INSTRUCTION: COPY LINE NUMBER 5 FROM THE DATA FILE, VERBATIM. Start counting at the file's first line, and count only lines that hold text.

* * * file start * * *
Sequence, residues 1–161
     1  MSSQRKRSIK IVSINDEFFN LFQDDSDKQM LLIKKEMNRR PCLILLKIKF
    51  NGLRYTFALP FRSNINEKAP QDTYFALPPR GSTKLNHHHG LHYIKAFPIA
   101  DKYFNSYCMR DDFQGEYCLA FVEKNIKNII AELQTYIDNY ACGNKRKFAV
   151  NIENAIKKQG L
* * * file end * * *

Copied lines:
   151  NIENAIKKQG L